Before I begin to discuss Gravity in an attempt to answer this question, I should perhaps note that I am among the contemporary cinephiles who embraces digital media but who also finds pleasure in that “darkened room” on a regular basis. Still, the majority of movies that I see in theaters I can just as well enjoy on DVD or on my computer, but it just so happens that I see them in theaters because I have the time to see them, I have access to the theaters in which the movies play, and I don’t particularly feel like waiting for the movie to be released to the internet months later.
This fact is what has caused certain scholars to oppose contemporary cinephiliac behavior. A part of the pleasure and magic of cinema is that once-and-a-lifetime theatrical experience that cannot really be captured after it is experienced. That is, before technology changed reception practices, cinephiles literally had to spend all day in the theater because that was the only way to see movies. Things have obviously changed, and now we can re-watch films at our leisure, re-wind them to certain scenes we love, and even re-purpose them via mash-up videos and YouTube homages. Over time, it seems that cinephiliac behavior has morphed from a desperate need to find and catch any film to an overwhelming instant access to nearly every film ever made.
And I’ll leave that discussion there because in many ways Gravity complicates it. We all know about the film—Alfonso Cuarón’s dream project, Sandra Bullock alone in space, 3D unlike any 3D we’ve seen, so on and so forth. A.O. Scott’s review in The New York Times explains the problem of writing about this film well, because there really aren’t any words to give the experience justice. It is a beautiful work of art with a strong central performance by Sandra Bullock, and the visual effects are, for lack of a better term, out of this world.
Moreover, I think Gravity complicates current debates about cinephilia because on the one hand it embraces the latest technologies but on the other hand it exists to reject contemporary reception practices. That is, it uses 3D and CGI to give the audience an experience unlike any they’ve had, but it is an experience that can only be had in the cinema.
It is easy to view Gravity as Hollywood’s attempt to achieve total market domination, and in certain ways, it is an artistic as well as an economic experiment. Cuarón certainly expands the cinematic form with his use of space and maybe even the narrative form with Bullock’s storyline, but Hollywood also pushes the limits of what it can do economically. By hiring two of the world’s biggest movie stars, giving one of our best filmmaker’s the money and the artistic freedom to create, and investing in new digital technologies, Hollywood proves that it can remain relevant in the digital age.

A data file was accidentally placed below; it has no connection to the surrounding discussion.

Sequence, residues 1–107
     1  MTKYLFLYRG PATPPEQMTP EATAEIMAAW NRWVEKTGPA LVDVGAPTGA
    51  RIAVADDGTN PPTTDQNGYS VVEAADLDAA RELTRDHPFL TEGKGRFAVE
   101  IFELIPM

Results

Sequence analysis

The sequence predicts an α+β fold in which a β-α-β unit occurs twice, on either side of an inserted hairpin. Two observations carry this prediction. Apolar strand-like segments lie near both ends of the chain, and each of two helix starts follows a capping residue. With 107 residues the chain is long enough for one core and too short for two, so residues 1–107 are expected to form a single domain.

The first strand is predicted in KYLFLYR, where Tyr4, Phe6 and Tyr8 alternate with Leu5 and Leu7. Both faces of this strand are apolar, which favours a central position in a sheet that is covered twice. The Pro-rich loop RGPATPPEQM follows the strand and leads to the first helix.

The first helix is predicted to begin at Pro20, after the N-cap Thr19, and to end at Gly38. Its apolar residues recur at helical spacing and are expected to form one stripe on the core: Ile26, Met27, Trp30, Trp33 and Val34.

Most of what you will read about Gravity will discuss what Tom Gunning has called the aesthetics of astonishment, and this article is no different. I was quite amazed by the moving images projected upon the screen—and Gravity is the best 3D I’ve ever seen. Gravity is indeed a contemporary cinema of attractions, and it reminds us most of all that the spectacle is always more exciting than the story.
However, I was even more astonished by Hollywood’s ability to discover yet another way to render the theatrical experience unique. Even after internet streaming and on-demand, Hollywood has released a film that can only be enjoyed, appreciated, and “experienced” in a movie theater.
I want to tell you all to run out and see this film. I want to tell you to see it in 3-D. I want to tell you how amazing it is, how truly awesome the visual effects are, and how awe-inspiring Sandra Bullock’s commitment and dedication to the project is. I want to tell you all of these things, but I think you already know. I think you know that if you don’t see it now, in theaters and in 3-D, you will never see it the way it was meant to be seen, and you will forever miss out on one of the great cinematic experiences.
What do you think? Leave a comment.